Some common sense no - no's:
1. Don’t be in the dressing rooms in front of your dancers talking drama right before a competition.
2. Don’t attempt to make minor changes for an instructor, that includes costumes changes. You can discuss changes afterward before the next competition. That is acceptable to ask - 100% It also allows your instructors / director the opportunity to state why something is the way it is.
3. If you constantly are wishy washy at competitions, or whining about everything, especially in the dressing rooms - it stresses everyone out. We call these types “dressing room trolls”. You are allowed to be one at least once in your dancers career.
...whining about everything, especially in the dressing rooms - it stresses everyone out
The little bitty dancers may need a parent or two around if Instructors don’t have assistants. The little ones need to be watched and a system developed to help them get from point A to point B as easy as possible. Have them hold hands when they enter the warm up room. Once they are in there, make sure you get them to a huddle as fast as you can. Warm up rooms are confusing to little ones. There are generally many other teams in the warm up rooms that take up a lot of spacing. Your little ones might not understand why they have to bunch their lines together to practice. Talk to them about warm up rooms before they get to competitions.
Older dancer DO NOT need their parents in the room, unless that parent was asked to be there. The most important thing for dancers to be doing is to stretch out, be looking over their lines, and nailing those turns and combo sections.
Parents your dancers need to be looking at the instructor before going on. Don’t become a “warm up troll”. Find your seat and make sure that your cheering voice can be heard when they perform. Remember, warm ups for older students should be a closed session. There is already enough distractions in the room to keep them busy for a long time. Besides, some students don’t react well to other parents in the room. Parents, this is your curtain call “all parents to the stands”.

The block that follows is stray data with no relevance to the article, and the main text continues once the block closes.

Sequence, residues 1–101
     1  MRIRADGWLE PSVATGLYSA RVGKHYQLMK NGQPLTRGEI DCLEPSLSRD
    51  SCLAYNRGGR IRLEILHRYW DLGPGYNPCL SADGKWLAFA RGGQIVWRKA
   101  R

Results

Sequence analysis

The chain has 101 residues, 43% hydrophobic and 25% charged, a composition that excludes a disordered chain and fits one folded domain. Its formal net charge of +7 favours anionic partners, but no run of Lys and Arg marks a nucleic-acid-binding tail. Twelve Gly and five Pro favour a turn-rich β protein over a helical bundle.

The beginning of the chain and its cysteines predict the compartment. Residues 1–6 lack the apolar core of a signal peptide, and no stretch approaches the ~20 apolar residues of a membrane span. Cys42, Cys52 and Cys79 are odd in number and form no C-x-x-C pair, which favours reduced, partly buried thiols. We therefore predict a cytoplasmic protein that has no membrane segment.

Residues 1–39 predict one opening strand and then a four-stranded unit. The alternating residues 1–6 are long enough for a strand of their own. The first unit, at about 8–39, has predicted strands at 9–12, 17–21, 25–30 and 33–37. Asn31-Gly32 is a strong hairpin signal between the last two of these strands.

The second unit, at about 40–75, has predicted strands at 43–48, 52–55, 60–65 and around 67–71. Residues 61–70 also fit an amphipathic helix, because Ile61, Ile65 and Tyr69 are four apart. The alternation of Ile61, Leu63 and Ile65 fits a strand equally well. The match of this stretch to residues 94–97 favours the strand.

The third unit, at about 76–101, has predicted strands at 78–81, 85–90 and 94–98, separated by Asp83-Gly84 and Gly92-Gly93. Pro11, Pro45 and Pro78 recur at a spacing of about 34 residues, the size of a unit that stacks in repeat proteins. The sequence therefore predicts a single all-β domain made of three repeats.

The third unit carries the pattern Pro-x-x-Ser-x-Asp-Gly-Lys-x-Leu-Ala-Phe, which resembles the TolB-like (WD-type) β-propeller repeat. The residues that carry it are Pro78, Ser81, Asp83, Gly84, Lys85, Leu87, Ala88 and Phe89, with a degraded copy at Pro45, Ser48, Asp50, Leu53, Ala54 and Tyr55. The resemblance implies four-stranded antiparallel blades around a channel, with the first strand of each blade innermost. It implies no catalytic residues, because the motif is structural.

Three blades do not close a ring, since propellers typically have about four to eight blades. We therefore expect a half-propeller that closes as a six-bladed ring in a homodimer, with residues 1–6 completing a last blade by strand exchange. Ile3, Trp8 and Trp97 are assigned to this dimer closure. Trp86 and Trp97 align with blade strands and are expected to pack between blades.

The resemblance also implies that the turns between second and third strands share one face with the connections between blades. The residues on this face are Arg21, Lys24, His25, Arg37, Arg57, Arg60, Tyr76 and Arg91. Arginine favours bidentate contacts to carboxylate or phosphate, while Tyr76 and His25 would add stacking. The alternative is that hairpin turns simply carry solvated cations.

Parents, this is your curtain call “all parents to the stands”
UGH!.. I can’t stress enough that you need to have at least 4 copies of all your music. Why? One to give to your assistant in case you don’t make it, two for your travel bag, and one to give to your top gofer. I actually helped another team one year cut their music at a competition. I happened to have purchased the song they were using the year before and it was still on my computer. As well, I had the music programs already installed on my computer to cut and edit it for them. They won! They weren't a competing team against us, so it was fair game. Nowadays a cell phone or an IPad work great for putting your music on too.
Don’t let your students over run your common sense when it comes to music.
- It’s not a team decision - it’s more about what is appropriate.
- Also, can it be cut and edited to fit your teams needs.
- Just because a song is popular doesn’t mean it is the right song for your team or solo performer.
Truthfully, if the song is too popular you may be in for a shock when you get to competition. There are lists of the most overly used songs on the internet atwww.dancenet.com . Not all songs have that over use attachment, but it doesn’t hurt to be careful on your selections.